There's very little room for failure in soccer management. Job security as a head coach is often non-existent in the modern game, but the faith shown by the Colorado Rapids in Pablo Mastroeni, and the resultant success, should be a lesson for a number of clubs around the world. Sometimes you just need to stay the course and be firm to your plan.
The reward was Colorado's best season since its 2010 MLS Cup win, and although it ended with Sunday's Western Conference final loss to Seattle, there has been a lot for Mastroeni and the Rapids to be proud of, with much to build on moving into next year.
This was Mastroeni's third season in charge in Colorado and it's fair to say the first two were challenging. After finishing second to last in the West in 2014, with the third-worst record in all of MLS, Mastroeni saw his side post a better points total last year but finish dead last in the conference, leaving the Rapids coach with a record of 17-33-18 after his first two seasons.
That's enough to see a lot of managers get fired in the search for a spark, but we saw a different Mastroeni this season, one who seemed to have more confidence and be more prepared, and he instilled that belief in his squad.
With every other team in the West looking to have made major improvements, very few people would have given Mastroeni much of a chance of making the playoffs, never mind have the season the Rapids have just had. But the 40-year-old made some key additions himself with the likes of Shkelzen Gashi, Jermaine Jones and Marco Pappa, and he built his squad around a very solid, and miserly, defensive footing.
The result was a second-place finish in both the Western Conference and all of MLS, missing out on the Supporters' Shield on the final day of the season by just two points. Under Mastroeni's management, the Rapids' points total of 58 was their best regular season finish in the club's 21-year history, and was 21 more points than their 2015 total and 26 more from his first season in charge. Quite the turnaround.
Mastroeni's desire to build his team around strong defensive play saw Colorado lead the league with only 32 goals conceded, and the Rapids went on a club record 15-game unbeaten streak, finishing the season undefeated at home. The challenge for him now is to continue that into next season, when his Rapids won't be a surprise package any more.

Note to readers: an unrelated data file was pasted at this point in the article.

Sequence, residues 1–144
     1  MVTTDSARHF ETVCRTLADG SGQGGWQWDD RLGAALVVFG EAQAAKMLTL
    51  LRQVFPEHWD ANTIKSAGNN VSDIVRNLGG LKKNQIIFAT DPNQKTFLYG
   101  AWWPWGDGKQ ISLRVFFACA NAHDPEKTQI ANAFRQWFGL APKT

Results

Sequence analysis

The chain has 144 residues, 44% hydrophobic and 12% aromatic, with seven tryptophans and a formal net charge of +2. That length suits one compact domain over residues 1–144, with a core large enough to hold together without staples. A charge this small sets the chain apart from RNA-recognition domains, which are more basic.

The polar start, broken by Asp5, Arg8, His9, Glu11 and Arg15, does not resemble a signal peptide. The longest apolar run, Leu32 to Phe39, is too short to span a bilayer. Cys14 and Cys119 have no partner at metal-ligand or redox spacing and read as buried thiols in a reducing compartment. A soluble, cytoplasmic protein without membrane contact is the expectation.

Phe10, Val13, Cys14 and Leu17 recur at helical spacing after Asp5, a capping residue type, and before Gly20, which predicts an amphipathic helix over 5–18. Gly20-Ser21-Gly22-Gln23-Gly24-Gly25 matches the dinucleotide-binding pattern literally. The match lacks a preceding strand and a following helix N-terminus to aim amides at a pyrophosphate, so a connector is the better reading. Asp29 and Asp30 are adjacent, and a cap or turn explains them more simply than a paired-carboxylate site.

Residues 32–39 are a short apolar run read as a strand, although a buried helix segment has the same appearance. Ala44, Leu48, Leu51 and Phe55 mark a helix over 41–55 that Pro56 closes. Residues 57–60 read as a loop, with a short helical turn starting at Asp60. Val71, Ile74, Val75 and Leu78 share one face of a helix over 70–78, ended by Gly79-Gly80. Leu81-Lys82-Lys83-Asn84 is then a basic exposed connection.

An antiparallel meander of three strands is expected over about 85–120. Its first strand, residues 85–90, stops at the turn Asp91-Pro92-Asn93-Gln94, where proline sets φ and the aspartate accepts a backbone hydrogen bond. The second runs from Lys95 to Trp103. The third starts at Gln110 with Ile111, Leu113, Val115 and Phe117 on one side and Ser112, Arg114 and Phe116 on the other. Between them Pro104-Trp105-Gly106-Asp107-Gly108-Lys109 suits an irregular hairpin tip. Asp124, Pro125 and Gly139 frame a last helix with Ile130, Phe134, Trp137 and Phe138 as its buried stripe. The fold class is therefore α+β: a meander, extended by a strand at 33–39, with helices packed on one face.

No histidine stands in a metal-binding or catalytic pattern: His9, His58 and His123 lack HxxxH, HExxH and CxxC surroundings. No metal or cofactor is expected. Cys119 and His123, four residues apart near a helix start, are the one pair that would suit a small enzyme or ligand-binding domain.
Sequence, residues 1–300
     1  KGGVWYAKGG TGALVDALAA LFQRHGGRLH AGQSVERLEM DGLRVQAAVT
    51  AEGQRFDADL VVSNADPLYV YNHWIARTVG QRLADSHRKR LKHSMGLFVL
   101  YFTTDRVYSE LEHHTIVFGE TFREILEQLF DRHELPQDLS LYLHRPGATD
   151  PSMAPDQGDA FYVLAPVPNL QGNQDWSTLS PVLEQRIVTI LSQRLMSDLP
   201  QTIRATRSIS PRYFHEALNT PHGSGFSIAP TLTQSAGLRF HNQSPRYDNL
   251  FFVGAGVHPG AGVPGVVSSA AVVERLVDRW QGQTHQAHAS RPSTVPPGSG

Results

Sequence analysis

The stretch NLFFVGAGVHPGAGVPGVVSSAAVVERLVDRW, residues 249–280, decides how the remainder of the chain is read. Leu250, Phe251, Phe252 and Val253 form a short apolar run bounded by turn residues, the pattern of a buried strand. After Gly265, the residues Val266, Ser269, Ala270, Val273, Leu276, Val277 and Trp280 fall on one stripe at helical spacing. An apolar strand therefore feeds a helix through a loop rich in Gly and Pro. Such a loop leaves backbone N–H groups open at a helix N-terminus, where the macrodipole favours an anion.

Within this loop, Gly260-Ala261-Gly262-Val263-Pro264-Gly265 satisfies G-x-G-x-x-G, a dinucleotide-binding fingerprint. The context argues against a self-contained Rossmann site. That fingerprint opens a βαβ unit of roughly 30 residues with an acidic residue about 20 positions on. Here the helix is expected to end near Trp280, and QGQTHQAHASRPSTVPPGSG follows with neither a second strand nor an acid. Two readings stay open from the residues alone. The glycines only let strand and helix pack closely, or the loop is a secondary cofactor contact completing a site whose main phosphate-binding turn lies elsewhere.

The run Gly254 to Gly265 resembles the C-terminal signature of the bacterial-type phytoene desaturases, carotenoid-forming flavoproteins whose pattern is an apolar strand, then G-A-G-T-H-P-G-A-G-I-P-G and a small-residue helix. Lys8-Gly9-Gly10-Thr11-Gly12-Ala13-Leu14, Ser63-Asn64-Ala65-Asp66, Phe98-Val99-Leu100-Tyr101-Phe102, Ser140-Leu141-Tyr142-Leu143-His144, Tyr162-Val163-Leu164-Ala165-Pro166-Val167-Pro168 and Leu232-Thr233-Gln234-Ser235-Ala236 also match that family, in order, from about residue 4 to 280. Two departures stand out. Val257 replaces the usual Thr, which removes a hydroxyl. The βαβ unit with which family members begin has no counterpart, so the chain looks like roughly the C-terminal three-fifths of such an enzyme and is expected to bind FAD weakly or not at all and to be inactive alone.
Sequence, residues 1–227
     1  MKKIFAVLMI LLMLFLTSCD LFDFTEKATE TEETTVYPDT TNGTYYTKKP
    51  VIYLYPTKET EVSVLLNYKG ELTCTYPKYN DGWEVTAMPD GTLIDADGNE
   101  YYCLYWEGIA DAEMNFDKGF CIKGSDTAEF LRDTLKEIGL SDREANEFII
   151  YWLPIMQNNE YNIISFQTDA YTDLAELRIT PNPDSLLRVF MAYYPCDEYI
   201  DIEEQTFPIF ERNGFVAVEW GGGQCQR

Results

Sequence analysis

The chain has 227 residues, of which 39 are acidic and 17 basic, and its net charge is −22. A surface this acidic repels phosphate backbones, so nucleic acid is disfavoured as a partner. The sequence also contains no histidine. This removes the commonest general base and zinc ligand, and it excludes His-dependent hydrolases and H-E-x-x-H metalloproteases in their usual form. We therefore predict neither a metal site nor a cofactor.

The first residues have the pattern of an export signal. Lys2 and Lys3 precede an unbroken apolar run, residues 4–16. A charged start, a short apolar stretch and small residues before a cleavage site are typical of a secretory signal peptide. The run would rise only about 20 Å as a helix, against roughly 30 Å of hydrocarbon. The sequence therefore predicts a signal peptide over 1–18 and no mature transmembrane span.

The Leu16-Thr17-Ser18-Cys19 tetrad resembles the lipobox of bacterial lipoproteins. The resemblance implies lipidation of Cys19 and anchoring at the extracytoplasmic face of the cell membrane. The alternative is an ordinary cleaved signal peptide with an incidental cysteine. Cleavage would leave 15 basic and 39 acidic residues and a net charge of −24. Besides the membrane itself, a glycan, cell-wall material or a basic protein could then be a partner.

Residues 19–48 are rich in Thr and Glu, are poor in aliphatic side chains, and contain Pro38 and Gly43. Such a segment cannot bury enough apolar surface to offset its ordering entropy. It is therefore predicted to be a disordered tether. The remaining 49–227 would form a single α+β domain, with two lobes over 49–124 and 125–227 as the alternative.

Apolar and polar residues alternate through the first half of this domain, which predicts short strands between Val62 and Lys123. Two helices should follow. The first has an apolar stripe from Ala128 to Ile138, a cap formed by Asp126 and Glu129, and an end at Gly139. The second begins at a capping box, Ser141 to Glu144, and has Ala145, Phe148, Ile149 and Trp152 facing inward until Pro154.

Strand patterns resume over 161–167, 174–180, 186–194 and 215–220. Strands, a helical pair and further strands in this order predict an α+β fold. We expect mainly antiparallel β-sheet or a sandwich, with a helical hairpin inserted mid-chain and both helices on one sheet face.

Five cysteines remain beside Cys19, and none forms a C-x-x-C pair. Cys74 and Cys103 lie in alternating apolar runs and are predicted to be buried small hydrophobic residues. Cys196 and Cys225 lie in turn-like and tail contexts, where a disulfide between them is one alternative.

For an impressive turnaround season that saw him turn the Colorado Rapids from worst in the West to serious championship contenders, Pablo Mastroeni has won Goal's MLS Coach of the Year award.
Oscar Pareja: FC Dallas' consistency under Pareja has been incredible. Dallas wrapped up the Western Conference title with a points total of 60 for the second-straight season. After losing out last year on a tiebreaker, Pareja guided his team to its first Supporters' Shield, winning half its matches and adding the club's second U.S. Open Cup trophy along the way with a 4-2 triumph over New England Revolution in September's final.
He's done it by playing an attractive brand of soccer and building a squad around affordable talent and homegrown stars in the making. After falling to Seattle at the first hurdle in the postseason, the challenge for Pareja moving forward is to bring their regular season dominance to the playoffs and land his club's first MLS Cup.
Patrick Vieira: The Frenchman got his managerial career off to a successful start, guiding New York City FC to a second-place finish in the Eastern Conference, securing the club's first playoff berth in its second season in the league. For a team featuring three of MLS' highest profile, and highest paid, designated players, making the postseason was certainly the minimum requirement NYCFC's owners would have expected from Vieira.
Despite that pressure, and May's incredible 7-0 loss at the hands of the rival Red Bulls, Vieira regrouped and rebuilt his squad's confidence to show a 17-point improvement from the club's inaugural season, recording a record of 15-10-9. Although NYCFC suffered a semifinal exit at the hands of Toronto FC, the foundations have been laid for what could be an even more successful 2017.
Jesse Marsch: When you win the Supporters' Shield in your first season in charge, notching club-record points and victories along the way, there's not many places to go except down for last year's MLS Coach of the Year. But Marsch had another solid season at the helm of the New York Red Bulls, again finishing atop the Eastern Conference and missing out on a second straight Shield by just three points.
It was in the playoffs again where the Red Bulls faltered, crashing out with a whimper to the Montreal Impact in their Eastern semifinal, and Marsch's success in New York will be truly measured on whether he can finally win the club's first ever MLS Cup.
Greg Vanney: The only coach in our list still in with a chance of lifting the MLS Cup next month, Vanney has continued to improve Toronto year upon year under his management. After taking over toward the end of the 2014 season, Vanney has turned Toronto from perennial loser into real championship contender, despite there still being doubts about whether he was the right man to lead the team.
Like Vieira, with the money the club has spent this season, anything less than a deep run in the playoffs would have to be considered as a failure, but Vanney increased Toronto's points total by four from last season, securing the club's first home playoff game and winning its first Canadian Championship since 2012 along the way. After dominating New York City FC in its semifinal, TFC now sits one win away from its first MLS Cup appearance.